Isolation and Prevention Practices for People with Monkeypox

These recommendations do not apply in healthcare settings, such as hospitals, outpatient clinics, and specimen collection sites. Instead, healthcare providers should follow CDC’s Infection Prevention and Control of Monkeypox in Healthcare Settings. Congregate care settings, such as correctional facilities and homeless shelters, should follow CDC’s Preventing Monkeypox Spread in Congregate Settings.

CDC recommends that people with monkeypox remain isolated at home or at another location for the duration of illness, but that might not be possible in all situations. Prioritizing isolation and source control strategies helps prevent transmission while balancing the impact of this infection on the daily lives of people diagnosed with monkeypox. These considerations may change as we learn more from the 2022 global outbreak of monkeypox.

Current data suggest people can spread monkeypox from the time symptoms start until all symptoms have resolved, including full healing of the rash with formation of a fresh layer of skin. Ideally, people with monkeypox would remain in isolation for the duration of illness, which typically lasts two to four weeks. However, if a person with monkeypox is unable to remain fully isolated throughout the illness, they should do the following:

  • While symptomatic with a fever or any respiratory symptoms, including sore throat, nasal congestion, or cough, remain isolated in the home and away from others unless it is necessary to see a healthcare provider or for an emergency.
    • This includes avoiding close or physical contact with other people and animals.
    • Cover the lesions, wear a well-fitting mask (more information below), and avoid public transportation when leaving the home as required for medical care or an emergency.
  • While a rash persists but in the absence of a fever or respiratory symptoms
    • Cover all parts of the rash with clothing, gloves, and/or bandages.
    • Wear a well-fitting mask to prevent the wearer from spreading oral and respiratory secretions when interacting with others until the rash and all other symptoms have resolved.
    • Masks should fit closely on the face without any gaps along the edges or around the nose and be comfortable when worn properly over the nose and mouth.
  • Until all signs and symptoms of monkeypox illness have fully resolved
    • Do not share items that have been worn or handled with other people or animals. Launder or disinfect items that have been worn or handled and surfaces that have been touched by a lesion.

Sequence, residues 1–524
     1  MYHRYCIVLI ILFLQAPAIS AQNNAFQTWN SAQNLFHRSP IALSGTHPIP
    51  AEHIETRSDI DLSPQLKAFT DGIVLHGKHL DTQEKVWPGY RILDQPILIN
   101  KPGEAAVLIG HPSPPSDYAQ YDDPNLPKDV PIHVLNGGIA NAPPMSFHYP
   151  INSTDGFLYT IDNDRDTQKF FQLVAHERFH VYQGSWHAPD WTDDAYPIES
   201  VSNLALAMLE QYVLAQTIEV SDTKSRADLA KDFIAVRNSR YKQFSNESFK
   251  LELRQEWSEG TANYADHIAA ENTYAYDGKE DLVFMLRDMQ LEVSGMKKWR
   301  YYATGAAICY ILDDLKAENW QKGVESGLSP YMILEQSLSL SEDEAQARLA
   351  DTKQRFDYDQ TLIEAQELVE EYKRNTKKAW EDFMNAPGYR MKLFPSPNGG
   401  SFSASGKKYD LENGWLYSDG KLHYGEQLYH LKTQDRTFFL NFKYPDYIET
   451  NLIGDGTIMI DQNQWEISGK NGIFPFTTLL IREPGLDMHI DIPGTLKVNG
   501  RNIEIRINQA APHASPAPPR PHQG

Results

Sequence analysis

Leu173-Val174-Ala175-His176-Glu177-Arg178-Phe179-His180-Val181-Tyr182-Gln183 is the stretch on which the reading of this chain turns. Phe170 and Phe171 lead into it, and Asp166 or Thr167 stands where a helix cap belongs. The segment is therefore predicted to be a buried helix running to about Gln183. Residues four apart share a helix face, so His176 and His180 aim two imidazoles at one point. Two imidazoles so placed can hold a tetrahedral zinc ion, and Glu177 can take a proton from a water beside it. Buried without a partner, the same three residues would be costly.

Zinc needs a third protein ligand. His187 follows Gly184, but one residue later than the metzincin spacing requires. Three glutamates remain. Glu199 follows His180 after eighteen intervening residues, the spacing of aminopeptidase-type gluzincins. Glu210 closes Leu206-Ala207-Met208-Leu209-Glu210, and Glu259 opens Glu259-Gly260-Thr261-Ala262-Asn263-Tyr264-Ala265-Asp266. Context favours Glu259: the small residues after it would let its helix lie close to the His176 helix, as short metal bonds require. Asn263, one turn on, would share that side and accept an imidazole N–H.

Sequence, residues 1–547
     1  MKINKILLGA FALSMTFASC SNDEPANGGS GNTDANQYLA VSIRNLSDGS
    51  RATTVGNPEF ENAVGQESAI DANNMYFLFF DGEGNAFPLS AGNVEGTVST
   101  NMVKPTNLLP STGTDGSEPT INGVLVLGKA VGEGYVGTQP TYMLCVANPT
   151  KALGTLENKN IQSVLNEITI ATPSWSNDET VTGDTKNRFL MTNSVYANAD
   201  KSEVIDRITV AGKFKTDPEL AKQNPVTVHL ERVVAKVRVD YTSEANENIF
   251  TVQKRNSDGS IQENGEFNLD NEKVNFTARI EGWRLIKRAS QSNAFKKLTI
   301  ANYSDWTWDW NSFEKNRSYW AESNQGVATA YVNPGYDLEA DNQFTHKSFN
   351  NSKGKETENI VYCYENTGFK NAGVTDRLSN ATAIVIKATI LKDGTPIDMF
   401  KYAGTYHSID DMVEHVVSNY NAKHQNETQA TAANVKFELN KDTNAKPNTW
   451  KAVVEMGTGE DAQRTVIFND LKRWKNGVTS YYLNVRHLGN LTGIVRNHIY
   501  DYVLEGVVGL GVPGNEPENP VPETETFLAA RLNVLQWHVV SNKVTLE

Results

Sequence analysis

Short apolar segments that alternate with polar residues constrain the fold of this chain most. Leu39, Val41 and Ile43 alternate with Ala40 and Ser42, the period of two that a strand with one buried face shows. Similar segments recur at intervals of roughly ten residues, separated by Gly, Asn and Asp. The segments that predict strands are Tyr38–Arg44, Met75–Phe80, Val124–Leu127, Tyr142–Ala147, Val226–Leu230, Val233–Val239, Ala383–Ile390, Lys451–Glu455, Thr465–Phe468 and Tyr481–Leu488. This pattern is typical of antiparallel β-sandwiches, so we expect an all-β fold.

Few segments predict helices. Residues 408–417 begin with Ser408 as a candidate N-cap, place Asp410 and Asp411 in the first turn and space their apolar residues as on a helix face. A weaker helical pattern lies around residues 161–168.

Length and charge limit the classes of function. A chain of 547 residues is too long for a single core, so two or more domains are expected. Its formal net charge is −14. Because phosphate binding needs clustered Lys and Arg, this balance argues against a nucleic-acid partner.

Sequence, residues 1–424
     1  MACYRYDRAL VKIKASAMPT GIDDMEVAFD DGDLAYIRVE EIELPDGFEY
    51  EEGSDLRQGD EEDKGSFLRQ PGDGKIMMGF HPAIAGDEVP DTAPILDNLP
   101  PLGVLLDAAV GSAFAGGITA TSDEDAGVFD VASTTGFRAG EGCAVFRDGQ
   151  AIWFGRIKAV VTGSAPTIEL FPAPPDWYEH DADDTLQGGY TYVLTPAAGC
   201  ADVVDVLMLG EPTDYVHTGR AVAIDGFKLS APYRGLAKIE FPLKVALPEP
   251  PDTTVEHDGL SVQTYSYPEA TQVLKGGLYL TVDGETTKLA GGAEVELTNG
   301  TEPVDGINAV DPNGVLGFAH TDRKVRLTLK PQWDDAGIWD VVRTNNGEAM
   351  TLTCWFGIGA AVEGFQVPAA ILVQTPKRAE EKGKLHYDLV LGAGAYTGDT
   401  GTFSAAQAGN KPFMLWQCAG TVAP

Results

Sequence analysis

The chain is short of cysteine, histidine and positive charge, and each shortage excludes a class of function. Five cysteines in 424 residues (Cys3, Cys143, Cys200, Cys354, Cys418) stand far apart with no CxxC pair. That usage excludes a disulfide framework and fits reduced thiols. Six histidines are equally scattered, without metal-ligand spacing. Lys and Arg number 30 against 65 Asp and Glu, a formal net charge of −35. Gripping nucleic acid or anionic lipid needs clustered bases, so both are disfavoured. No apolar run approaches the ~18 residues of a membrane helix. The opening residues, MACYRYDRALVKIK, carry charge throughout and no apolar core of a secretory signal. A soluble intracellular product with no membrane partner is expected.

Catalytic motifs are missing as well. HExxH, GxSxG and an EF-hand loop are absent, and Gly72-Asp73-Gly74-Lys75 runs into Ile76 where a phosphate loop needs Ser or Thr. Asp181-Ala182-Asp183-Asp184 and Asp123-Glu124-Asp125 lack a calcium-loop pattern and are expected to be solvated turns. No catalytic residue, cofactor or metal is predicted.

• Avoid close physical contact, including sexual and/or close intimate contact, with other people.
    • Avoid sharing utensils or cups. Items should be cleaned and disinfected before use by others.
    • Avoid crowds and congregate settings.
    • Wash hands often with soap and water or use an alcohol-based hand sanitizer, especially after direct contact with the rash.

These recommendations can apply to the workplace. Employers can learn more on the Workplaces and Businesses page.

Employers should take steps to prevent the spread of monkeypox in the workplace:

  • Ensure that the workers with monkeypox follow these isolation practices
  • Offer telework or flexible, non-punitive sick leave to workers with monkeypox

What We Have Learned During the 2022 U.S. Monkeypox Outbreak

Transmission during brief interactions (such as a brief conversation), between people in close proximity and for a long duration (such as passengers seated near a person with monkeypox on an airplane), is unlikely to spread monkeypox.

The 2022 global outbreak has some different epidemiologic characteristics than illness described with previous monkeypox outbreaks:

  • Direct skin-to-skin contact, including sexual and/or close intimate contact, has been identified as a predominant type of exposure for persons with monkeypox in the United States.
  • Most people with monkeypox have been adults and have not required hospitalization.
  • Deaths have occurred but are rare and have occurred in individuals with underlying conditions.

What We Still Don’t Know

  • To what extent children, people with specific underlying conditions (including those that may cause immunocompromise, eczema or atopic dermatitis), or pregnant people are at risk of severe disease, as they have been with previous outbreaks of monkeypox.
  • Whether people with immunosuppression have more Monkeypox virus present in body fluids.
  • How often Monkeypox virus may be spread from respiratory secretions, or at what point during infection a person with monkeypox symptoms might be more likely to spread Monkeypox virus through respiratory secretions. As stated above, transmission during brief interactions has not been reported.
  • If Monkeypox virus may be present in body fluids, including oral and respiratory secretions, urine, feces, and semen.
  • Whether Monkeypox virus can be spread through semen or vaginal fluids. Viral DNA has been detected in semen.